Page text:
A review of thyroid cancer with intermediate differentiation

Authors


  • Dr. Sywak's Fellowship is supported in part by the Tom Baker Cancer Center, Calgary and the Mary-Jo Reeve Traveling Fellowship, Sydney Australia.

Abstract

Background and Objectives

Tall cell (TCV), columnar cell (CCV), insular (IC), diffuse sclerosing (DSPTC) and solid/trabecular are uncommon subtypes of thyroid cancer, which have generally been described in case reports or small series in the world literature. Due to the rarity of these thyroid cancers, their clinical behavior remains incompletely understood. The aim of this review was to pool the currently available clinical information regarding these uncommon thyroid cancers so as to gain a better understanding of their clinical aspects and natural history.

Methods

A computer-aided search of MEDLINE (1966–2001, PUBMED website) and CINAHL (1982–2001) databases was performed, as well as a review of the reference section of each primary study was done. All cases of TCV, CCV, DSPTC, solid/trabecular, and IC described in the English medical literature were identified. For the subtypes DSPTC, TCV, and IC, clinical data from the published case series were combined in a weighted analysis. Weighting was based on the number of cases per series. For the CCV and the solid/trabecular variant, due to the small number of cases, raw figures for the clinical features were obtained.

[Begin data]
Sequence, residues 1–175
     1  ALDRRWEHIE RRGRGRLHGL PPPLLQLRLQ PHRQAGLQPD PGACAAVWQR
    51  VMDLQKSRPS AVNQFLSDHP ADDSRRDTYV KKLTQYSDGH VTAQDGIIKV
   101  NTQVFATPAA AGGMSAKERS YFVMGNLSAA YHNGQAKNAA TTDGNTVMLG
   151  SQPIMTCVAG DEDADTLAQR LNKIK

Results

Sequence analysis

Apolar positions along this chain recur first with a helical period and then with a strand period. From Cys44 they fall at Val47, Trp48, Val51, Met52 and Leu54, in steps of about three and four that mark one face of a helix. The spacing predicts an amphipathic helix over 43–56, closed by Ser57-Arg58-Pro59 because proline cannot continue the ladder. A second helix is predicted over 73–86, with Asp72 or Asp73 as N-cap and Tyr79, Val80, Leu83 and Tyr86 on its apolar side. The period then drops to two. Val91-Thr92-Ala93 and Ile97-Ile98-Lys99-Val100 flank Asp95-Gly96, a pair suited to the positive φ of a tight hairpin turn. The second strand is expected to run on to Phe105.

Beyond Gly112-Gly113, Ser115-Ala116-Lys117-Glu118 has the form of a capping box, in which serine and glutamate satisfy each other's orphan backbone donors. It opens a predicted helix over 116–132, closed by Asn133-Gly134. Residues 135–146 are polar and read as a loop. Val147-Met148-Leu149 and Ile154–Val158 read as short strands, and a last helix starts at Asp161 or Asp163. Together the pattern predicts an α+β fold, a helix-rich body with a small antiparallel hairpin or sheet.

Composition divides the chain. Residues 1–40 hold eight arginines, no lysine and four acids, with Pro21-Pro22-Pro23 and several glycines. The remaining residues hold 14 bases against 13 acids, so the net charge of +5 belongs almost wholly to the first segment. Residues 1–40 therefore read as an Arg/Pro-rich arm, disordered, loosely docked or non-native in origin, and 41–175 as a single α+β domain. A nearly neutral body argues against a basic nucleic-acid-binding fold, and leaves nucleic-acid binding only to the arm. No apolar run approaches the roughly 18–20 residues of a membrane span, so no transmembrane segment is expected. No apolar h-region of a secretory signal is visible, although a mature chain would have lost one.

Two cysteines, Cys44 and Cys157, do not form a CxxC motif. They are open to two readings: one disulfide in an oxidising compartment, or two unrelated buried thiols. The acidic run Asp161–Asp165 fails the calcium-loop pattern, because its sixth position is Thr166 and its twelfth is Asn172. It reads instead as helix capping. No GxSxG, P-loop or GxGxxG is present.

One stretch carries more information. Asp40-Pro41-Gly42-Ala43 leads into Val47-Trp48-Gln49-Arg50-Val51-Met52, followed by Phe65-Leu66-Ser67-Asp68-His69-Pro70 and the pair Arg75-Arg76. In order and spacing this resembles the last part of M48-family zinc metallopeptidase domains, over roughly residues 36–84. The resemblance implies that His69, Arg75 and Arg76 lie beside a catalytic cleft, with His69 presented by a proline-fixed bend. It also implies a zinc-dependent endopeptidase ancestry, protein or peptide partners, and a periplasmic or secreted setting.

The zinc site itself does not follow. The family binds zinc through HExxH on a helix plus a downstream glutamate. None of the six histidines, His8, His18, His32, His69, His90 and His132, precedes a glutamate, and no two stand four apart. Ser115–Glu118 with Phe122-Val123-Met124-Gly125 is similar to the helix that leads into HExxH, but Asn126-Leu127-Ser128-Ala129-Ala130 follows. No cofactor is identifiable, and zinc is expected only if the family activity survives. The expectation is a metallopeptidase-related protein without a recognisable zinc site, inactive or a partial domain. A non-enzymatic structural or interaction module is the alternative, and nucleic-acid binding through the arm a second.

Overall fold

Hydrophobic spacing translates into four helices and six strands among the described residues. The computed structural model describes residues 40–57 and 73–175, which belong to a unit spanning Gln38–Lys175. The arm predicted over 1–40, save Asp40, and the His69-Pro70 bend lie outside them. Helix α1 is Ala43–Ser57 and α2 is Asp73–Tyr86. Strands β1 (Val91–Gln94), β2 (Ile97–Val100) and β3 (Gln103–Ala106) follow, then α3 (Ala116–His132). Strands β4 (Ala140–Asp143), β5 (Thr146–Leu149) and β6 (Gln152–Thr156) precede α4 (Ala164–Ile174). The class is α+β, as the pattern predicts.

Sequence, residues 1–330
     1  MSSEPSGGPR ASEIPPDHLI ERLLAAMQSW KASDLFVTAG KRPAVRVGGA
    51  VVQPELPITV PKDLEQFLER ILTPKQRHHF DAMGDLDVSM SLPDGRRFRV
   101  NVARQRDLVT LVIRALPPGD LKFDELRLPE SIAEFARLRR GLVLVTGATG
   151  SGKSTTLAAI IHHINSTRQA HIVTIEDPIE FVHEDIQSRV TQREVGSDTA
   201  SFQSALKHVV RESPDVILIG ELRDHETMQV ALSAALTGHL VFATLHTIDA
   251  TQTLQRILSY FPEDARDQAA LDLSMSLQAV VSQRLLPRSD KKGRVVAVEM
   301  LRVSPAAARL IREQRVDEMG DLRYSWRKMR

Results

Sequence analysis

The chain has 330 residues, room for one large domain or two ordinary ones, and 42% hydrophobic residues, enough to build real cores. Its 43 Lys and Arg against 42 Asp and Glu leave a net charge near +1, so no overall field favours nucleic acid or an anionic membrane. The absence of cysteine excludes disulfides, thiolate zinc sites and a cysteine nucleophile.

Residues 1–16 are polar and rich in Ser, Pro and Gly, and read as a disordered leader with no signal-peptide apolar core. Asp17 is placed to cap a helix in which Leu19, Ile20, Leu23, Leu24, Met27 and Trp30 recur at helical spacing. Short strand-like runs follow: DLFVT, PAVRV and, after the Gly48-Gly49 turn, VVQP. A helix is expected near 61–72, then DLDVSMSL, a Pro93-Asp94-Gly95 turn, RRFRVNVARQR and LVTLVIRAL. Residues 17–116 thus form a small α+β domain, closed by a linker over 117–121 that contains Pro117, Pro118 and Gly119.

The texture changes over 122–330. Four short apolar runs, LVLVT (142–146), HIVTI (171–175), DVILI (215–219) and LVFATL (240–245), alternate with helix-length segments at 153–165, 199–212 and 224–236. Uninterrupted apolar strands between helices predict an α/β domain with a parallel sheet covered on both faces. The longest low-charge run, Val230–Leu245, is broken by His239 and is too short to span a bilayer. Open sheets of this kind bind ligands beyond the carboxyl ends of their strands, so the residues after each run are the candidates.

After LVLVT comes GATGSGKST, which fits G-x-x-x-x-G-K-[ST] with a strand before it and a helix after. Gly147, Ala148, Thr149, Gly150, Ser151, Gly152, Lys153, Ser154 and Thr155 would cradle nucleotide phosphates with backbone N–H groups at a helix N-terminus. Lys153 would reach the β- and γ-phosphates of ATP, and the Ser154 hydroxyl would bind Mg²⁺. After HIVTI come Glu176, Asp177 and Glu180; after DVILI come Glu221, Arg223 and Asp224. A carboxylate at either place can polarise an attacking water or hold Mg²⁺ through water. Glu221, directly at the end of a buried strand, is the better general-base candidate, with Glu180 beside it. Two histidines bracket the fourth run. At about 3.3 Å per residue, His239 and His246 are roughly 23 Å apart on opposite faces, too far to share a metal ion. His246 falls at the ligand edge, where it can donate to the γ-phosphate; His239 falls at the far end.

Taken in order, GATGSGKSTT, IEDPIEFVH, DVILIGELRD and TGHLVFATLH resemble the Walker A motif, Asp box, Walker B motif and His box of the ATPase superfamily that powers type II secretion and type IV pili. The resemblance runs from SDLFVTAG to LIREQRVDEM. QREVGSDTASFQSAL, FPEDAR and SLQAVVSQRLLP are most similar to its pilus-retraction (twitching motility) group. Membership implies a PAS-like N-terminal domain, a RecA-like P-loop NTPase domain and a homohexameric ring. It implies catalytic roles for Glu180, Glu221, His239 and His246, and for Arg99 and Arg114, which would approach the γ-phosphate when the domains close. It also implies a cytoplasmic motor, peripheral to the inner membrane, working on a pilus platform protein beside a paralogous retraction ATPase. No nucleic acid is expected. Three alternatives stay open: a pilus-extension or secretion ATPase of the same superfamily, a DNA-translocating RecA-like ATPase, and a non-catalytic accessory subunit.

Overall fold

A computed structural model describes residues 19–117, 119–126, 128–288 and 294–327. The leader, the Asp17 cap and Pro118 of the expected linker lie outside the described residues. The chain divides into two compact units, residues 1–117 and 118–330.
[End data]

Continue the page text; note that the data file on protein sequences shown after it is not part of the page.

Results

DSPTC (n = 65) appeared to have a tendency for intra-thyroidal extension (40%) and a high propensity for nodal metastates (68%). The mean overall tumor related mortality was similar to well differentiated thyroid cancer (WDTC) at only 2% at 8 years follow-up. The solid/trabecular variant was seen in 37% of the radiation induced thyroid tumors of the Chernobyl accident. It had a high propensity for extrathyroidal extension, and cervical lymph node metastases were found in up to 83% of patients. Unlike WDTC, TCV (n = 209) was a more aggressive tumor, associated with distant metastases in 22% of cases and had a mean tumor related mortality of 16%. The histological diagnosis of TCV was a poor prognostic factor regardless of patient age or tumor size. The CCV (n = 41) had a high overall mortality rate of 32%. When encapsulated, however, CCV had an excellent prognosis similar to that found in WDTC. In contrast, CCV tumors that were not encapsulated had extrathyroidal spread in 67% and had distant metastases in 87% of patients. The variant of IC (n = 213) appeared to be an aggressive subtype of thyroid cancer. The mean loco-regional recurrence and/or distant metastases rate was 64% and tumor related mortality was high at 32%.

Conclusions

DSPTC, TCV, CCV, and IC are thyroid cancer subtypes, which have a biological aggressiveness, which appear to be intermediate between that of WDTC and poorly differentiated anaplastic thyroid cancer. J. Surg. Oncol. 2004;86:44–54. © 2004 Wiley-Liss, Inc.

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